Star of the Grand Cross to the Iron Cross
A Hypothetical German Medal of WWII
By Stephen Sherman, Nov. 2008. Updated July 15, 2011.
Under Nazi Germany, it was intended to present the Star of the Grand Cross of the Iron Cross as an award to the most successful German General of the Second World War, once Germany had achieved victory. As Germany was defeated in 1945, the decoration was never bestowed under Nazi authority and has not been awarded since. At least one medal was manufactured, but it was never presented. The only known example was found by Allied occupation forces at the end of the war, and was eventually added to the West Point military collection.
If it had been presented, it would have been a higher award than the Grand Cross of the Iron Cross, which itself was only awarded once in the Nazi era, to Reichsmarschall Herman Goering.
The Star of the Grand Cross of the Iron Cross had been awarded to the most outstanding of Generals who performed feats of leadership to the benefit of the German state. Only two awards were made, over a century apart, to Prince von Blücher in 1813 and to Field Marshal Paul von Hindenburg in 1918. Von Blücher's award was referred to as the Blücherstern while Hindenburg's was known as the Hindenburgstern.
Gebhard Leberecht von Blücher (December 16, 1742 in Rostock - September 12, 1819) in Krieblowitz (Silesia), Count, later elevated Prince of Wahlstatt, was a Prussian general who led his army against Napoleon Bonaparte at the Battle of Waterloo in 1815.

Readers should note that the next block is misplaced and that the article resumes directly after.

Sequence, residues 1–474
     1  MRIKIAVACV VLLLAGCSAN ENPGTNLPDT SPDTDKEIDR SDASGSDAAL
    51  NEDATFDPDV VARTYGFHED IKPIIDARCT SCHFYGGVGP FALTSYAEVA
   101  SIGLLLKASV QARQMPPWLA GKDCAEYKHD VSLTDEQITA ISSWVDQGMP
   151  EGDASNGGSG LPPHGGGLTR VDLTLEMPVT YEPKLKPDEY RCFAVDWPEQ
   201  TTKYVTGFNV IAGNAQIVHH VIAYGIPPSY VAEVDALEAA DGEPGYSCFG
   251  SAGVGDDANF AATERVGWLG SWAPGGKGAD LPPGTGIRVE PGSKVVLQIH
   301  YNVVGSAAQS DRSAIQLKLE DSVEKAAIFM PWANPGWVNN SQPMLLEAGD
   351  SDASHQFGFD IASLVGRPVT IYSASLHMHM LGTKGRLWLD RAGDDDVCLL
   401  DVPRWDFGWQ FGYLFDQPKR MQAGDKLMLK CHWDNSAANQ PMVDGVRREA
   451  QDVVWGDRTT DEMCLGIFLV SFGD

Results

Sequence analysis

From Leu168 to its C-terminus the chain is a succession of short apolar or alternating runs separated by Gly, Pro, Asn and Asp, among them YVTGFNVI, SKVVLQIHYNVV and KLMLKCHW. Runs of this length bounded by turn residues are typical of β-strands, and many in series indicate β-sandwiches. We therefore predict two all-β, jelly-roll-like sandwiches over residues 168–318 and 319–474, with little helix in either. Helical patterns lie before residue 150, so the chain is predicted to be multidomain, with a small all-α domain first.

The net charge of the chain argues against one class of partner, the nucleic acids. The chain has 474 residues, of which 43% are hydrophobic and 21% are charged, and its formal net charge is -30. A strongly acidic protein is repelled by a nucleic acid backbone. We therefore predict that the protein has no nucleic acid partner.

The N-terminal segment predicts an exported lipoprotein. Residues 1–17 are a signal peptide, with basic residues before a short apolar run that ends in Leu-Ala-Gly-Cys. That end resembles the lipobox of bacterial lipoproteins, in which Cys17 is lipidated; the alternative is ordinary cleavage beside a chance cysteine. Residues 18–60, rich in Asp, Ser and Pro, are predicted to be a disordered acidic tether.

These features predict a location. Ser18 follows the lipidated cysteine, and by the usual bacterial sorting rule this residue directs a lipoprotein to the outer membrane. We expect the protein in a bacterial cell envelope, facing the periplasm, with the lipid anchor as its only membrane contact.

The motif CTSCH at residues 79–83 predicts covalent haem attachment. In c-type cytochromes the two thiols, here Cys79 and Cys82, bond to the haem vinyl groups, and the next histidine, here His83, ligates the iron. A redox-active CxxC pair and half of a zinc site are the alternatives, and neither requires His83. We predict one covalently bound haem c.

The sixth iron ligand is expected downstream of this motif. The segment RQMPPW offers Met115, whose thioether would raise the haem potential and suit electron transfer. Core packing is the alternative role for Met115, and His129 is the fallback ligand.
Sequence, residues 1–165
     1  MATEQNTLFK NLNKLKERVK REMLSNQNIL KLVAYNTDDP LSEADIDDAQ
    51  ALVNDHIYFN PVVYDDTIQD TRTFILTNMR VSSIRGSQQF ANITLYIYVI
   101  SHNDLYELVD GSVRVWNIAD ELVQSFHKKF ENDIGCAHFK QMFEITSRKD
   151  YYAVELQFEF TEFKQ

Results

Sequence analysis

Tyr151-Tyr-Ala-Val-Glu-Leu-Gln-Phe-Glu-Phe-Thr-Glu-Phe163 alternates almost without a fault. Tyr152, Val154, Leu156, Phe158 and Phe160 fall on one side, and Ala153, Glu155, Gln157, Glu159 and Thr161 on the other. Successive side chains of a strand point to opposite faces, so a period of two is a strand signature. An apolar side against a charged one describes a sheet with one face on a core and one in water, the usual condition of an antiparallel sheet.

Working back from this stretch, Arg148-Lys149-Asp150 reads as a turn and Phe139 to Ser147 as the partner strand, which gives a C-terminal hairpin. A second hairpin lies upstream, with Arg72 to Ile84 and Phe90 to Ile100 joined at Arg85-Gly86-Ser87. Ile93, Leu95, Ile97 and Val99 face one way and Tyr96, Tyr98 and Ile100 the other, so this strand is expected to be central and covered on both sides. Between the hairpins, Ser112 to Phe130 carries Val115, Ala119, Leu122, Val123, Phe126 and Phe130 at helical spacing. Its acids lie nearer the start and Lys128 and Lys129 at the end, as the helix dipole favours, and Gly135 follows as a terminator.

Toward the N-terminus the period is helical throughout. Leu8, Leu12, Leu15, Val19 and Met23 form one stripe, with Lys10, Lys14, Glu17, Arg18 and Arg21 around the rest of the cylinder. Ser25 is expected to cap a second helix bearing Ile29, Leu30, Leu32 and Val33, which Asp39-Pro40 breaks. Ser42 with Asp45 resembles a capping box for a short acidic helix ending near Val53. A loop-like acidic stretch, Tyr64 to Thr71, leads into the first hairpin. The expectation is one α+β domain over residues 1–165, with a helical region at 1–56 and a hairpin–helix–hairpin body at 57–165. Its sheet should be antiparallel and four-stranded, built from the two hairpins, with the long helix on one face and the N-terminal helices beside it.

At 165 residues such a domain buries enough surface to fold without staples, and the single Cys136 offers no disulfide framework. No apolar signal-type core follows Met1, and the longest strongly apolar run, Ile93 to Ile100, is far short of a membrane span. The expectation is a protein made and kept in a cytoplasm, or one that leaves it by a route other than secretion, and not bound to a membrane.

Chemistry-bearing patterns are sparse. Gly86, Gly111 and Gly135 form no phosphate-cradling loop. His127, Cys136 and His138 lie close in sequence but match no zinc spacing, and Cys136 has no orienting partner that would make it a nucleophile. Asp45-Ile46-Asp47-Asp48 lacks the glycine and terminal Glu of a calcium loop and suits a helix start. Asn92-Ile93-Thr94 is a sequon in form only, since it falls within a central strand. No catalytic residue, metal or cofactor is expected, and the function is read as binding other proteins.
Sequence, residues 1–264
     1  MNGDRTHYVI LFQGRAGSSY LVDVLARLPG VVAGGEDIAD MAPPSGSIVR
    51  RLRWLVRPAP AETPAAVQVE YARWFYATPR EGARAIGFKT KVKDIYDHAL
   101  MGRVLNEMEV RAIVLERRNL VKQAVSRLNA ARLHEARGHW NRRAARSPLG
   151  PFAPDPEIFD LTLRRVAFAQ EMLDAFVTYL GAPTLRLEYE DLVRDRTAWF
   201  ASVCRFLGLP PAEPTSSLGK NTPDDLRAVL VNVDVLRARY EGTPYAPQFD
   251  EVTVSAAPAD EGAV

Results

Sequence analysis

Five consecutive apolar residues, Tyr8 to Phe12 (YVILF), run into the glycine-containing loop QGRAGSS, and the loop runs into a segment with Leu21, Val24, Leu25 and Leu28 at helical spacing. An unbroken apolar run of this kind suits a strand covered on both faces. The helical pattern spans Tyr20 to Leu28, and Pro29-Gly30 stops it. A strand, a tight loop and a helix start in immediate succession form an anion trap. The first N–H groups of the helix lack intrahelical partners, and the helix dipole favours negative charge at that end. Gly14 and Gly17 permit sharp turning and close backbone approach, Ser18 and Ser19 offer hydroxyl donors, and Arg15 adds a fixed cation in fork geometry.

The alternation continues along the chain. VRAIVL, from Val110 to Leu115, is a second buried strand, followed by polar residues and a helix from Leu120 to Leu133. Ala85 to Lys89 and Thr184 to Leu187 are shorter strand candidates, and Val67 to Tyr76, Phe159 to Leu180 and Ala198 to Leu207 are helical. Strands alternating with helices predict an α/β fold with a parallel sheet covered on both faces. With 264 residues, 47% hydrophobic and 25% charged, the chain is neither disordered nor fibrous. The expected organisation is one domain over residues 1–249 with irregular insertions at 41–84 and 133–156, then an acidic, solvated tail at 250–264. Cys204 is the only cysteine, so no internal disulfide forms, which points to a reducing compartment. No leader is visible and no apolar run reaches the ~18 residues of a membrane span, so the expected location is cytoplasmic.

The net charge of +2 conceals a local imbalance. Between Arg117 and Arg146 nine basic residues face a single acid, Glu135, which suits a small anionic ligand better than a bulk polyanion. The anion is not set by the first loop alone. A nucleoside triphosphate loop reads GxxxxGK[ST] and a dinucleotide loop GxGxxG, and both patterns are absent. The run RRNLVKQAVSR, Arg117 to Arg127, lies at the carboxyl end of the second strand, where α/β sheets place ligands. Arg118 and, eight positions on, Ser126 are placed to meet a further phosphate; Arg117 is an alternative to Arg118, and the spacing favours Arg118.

Paul Ludwig Hans Anton von Beneckendorff und von Hindenburg, known universally as Paul von Hindenburg (October 2, 1847 - August 2, 1934) was a German field marshal and statesman. After long career in the Prussian army, he retired in 1911, but was recalled at the outbreak of the First World War. Hindenburg first came to national attention, at the age of sixty-six, as the victor at Tannenberg in 1914. As Germany's Chief of the General Staff from 1916, he rose in the German public's esteem until Hindenburg came to eclipse the Kaiser himself. Hindenburg retired again in 1919, but returned to public life one more time in 1925 to be elected as the second President of Germany.
Hypothetically speaking, if Germany had prevailed in World War Two, or even survived as a government, the likeliest recipient would have been Hermann Goering. Getting into "double ifs," if Rommel had not been implicated in the July 20, 1944 plot to kill Hitler, he would have been another candidate.